The next few years will bring tremendous global competition for foreign investment. Latin America will have to compete with East Asia and Eastern Europe for foreign investors. The recent relaxation of restrictions on foreign ownership in South Korea is likely to result in massive flows of investment into that country. If the Indian government continues to support reform, it will be rewarded with more foreign investment. The consolidation of reform in Eastern Europe will attract further support. Latin American countries have their work cut out for them.

In order to compete successfully with other emerging economies, Latin American countries should implement a number of measures aimed at reducing country risk and improving their investment ratings. Without investment-grade ratings by international agencies such as Standard & Poor's and Moody's, it will be difficult for Latin American countries to attract significant foreign investment. Reducing country risk will require new institutions that provide stability. Such changes are part of what have been called second-generation reforms, and include the modernization of labor legislation and the judiciary.

State institutions should reduce transaction costs. That is, they should foster an environment in which individuals are confident enough to devote their time to productive activities, rather than to defending their property and lobbying for bureaucratic favors. State institutions should protect broadly defined property rights, enforce contracts, and provide an efficient system of conflict resolution. This setting requires not only the traditional separation of constitutional powers, but also independent and professionally run regulatory bodies. Even after years of reform, Latin America falls considerably short of that ideal. Conflict resolution mechanisms are primitive, the judiciary is inefficient and corrupt, and property rights -- especially the rights of minority stakeholders -- are systematically violated. As a result, in most countries people spend significant resources in unproductive ways. Second-generation reforms should aim to maintain macroeconomic stability through truly independent central banks, impose budget restraints on subnational governments, and create a modern national civil service.

Little is known about the process leading to massive institutional change. This process may generate frustration and, at times, disenchantment. But it is important that the regional leadership recognize that without these reforms Latin America will lose the race to attract foreign investment.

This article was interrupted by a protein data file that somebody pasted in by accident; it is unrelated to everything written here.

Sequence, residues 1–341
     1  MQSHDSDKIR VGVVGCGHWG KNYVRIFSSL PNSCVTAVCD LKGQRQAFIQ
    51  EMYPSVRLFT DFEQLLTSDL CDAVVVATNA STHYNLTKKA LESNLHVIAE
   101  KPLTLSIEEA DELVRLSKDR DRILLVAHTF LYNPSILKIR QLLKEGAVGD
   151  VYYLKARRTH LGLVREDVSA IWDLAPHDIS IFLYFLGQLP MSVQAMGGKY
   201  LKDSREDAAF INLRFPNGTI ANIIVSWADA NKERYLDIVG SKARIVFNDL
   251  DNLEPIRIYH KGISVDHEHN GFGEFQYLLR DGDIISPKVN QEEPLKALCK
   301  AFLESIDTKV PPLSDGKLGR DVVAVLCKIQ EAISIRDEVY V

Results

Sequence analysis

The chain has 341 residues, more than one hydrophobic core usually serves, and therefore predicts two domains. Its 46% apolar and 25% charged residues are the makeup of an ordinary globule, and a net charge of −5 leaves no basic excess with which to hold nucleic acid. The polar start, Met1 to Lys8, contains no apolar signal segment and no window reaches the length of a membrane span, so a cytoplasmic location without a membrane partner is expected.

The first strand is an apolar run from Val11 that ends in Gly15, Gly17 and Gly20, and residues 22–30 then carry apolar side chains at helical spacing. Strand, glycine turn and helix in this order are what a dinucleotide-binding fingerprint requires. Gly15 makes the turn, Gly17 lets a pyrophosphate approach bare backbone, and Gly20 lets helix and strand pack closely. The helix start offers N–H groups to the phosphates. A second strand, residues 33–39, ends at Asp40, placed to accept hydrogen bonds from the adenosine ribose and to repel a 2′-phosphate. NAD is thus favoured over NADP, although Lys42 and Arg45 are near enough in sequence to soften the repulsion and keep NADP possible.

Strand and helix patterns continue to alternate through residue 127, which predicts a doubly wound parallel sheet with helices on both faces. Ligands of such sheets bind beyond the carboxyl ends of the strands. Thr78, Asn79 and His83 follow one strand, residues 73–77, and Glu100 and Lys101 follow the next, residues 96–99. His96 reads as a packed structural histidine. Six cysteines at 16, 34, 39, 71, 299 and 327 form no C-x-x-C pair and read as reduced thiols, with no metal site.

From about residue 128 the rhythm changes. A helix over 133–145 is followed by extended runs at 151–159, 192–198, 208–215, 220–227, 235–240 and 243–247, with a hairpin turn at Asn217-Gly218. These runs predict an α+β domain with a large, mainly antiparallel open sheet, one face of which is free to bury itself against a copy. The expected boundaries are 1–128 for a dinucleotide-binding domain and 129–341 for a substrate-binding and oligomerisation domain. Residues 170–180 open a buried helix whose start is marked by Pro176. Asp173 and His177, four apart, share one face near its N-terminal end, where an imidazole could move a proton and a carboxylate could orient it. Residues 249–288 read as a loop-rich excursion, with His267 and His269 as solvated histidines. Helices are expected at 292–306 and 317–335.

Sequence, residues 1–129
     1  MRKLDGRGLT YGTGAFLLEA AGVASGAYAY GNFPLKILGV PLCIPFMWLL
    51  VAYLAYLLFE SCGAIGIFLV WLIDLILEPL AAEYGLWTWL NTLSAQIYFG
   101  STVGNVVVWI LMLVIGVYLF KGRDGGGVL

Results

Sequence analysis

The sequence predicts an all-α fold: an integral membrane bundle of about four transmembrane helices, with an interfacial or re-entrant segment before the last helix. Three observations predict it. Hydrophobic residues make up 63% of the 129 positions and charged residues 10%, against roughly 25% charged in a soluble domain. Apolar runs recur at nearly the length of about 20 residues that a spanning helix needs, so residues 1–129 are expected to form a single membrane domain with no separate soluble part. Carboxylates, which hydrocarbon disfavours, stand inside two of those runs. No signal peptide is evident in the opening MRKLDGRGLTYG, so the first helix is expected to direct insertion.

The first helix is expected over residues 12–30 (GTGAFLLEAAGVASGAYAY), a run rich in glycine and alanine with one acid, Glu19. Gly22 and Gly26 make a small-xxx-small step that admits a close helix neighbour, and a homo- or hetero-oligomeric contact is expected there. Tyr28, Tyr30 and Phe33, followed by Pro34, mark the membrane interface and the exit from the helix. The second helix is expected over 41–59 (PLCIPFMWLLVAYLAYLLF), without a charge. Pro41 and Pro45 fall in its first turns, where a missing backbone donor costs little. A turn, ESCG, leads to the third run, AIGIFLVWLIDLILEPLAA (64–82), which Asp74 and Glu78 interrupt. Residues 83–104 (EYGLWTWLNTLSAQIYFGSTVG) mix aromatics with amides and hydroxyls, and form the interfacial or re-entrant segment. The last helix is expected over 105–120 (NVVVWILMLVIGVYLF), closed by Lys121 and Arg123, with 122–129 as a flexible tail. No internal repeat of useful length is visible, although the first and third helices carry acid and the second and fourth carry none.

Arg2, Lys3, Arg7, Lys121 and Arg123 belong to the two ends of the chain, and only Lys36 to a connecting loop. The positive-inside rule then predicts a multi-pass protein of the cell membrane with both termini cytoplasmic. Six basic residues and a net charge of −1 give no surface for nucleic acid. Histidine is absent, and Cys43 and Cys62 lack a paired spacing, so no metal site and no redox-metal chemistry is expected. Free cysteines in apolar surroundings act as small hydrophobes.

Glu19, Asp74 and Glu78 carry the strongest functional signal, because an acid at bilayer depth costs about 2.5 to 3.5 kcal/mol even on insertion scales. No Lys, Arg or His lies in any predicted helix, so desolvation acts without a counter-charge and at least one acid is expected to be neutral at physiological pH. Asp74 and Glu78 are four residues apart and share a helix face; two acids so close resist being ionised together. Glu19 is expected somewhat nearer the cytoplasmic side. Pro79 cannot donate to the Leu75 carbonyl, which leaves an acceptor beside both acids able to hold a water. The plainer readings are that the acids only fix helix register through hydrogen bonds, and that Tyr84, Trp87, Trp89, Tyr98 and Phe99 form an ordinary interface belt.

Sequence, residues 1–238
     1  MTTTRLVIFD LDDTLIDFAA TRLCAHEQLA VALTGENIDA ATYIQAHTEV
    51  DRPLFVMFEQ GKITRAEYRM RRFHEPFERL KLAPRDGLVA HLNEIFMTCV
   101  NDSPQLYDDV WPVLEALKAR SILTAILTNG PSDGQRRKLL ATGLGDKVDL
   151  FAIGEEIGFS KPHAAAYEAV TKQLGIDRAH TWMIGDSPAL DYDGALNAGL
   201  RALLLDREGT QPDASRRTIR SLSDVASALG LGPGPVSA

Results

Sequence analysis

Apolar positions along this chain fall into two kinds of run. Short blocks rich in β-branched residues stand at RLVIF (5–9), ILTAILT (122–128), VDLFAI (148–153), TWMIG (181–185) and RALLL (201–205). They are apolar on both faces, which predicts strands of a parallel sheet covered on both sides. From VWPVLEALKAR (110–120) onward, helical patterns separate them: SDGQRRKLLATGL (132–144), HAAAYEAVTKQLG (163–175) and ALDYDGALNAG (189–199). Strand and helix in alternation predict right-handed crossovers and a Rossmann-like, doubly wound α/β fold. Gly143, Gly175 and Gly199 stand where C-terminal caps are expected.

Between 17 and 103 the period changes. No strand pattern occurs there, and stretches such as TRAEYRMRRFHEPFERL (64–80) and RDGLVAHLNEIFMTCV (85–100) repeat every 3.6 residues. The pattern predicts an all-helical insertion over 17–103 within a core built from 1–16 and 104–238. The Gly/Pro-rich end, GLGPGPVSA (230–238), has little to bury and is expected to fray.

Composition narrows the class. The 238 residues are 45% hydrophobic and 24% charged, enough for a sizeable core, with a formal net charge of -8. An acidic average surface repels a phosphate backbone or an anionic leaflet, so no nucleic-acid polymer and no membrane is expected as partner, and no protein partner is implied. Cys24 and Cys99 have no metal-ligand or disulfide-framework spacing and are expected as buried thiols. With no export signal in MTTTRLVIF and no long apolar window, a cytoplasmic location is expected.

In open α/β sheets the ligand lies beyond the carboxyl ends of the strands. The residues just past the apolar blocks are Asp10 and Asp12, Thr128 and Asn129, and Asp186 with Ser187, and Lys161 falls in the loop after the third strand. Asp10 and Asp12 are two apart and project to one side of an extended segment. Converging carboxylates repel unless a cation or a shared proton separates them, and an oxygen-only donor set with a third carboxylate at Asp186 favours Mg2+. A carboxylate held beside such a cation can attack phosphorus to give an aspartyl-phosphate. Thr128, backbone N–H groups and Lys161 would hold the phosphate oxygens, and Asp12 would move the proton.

Achieving sustained growth with increasing wages will require improving the quality of education. Latin American children have two fewer years of formal education than children in other regions at a comparable stage of development. A staggering 30 percent of students in primary school repeat grades, and students spend close to half their time receiving instruction on mechanical exercises. Students in public elementary schools get an average of 800 hours of instruction a year -- and as little as 300 hours in rural areas -- compared with approximately 1,200 hours in rapidly growing countries and advanced nations. The problem is not lack of resources. Public sector spending on education is 3.7 percent of GDP in Latin America, versus 3.4 percent in East Asia. Yet the quality of Latin American education is among the poorest in the world. Standardized tests indicate that Latin American children rank at the bottom of international scales.

Once again Chile has become a pioneer in the Latin American region by tackling one of economic development's most difficult problems. In June 1996, Chile announced a major initiative to address the country's educational system. The project's goals are increasing productivity, reducing inequality, and assuring the sustainability of Chile's so-called economic miracle. The education reform project calls for increased teacher accountability and an end to two shifts in public schools. Instruction time will increase by one-third. Once the reform is completed, Chilean schoolchildren will have as many instruction hours as children in East Asia. The reform will affect 9,000 public schools at a significant cost -- about 3 percent of current government expenditures.


One of China's most impressive recent achievements is its increase in export market share, especially of basic manufactures. In the years to come Latin American countries must emulate China's success and capture a larger share of the world market, especially in advanced countries.

Geography can play a role in accessing large markets. Simply put, distance matters. Countries that are close to large markets -- such as the United States, European Union, and Japan -- have a clear advantage in gaining market share. For example, Mexico is blessed by its geographic proximity to the United States. Countries that are not well positioned must take positive steps to increase their economic proximity to large markets. Australia, New Zealand, Taiwan, and Singapore have done this successfully. Improving the quality of infrastructure -- especially roads, telecommunications, and ports -- is an effective way for a country to compensate for poor geographic proximity.

International comparisons reveal that export-driven growth cannot occur with third-class infrastructure. During most of the 1980s and the first half of the 1990s, infrastructure investment was neglected in Latin America. The region has inadequate power generation, roads, water supply, and telecommunications. Telephone calls take a long time to be completed -- when they are completed at all; a large number of roads are in deplorable condition, adding substantial costs to transportation; and power outages are common occurrences in many areas. The World Bank has calculated that $60 billion per year in infrastructure investment would be required through the year 2000 to make up for these deficiencies. The infrastructure investment required during the rest of the decade represents about 4.5 percent of regional GDP and is larger than the combined annual regional lending of the World Bank and Inter-American Development Bank. The bulk of infrastructure investment will have to come from the private sector, both domestic and foreign.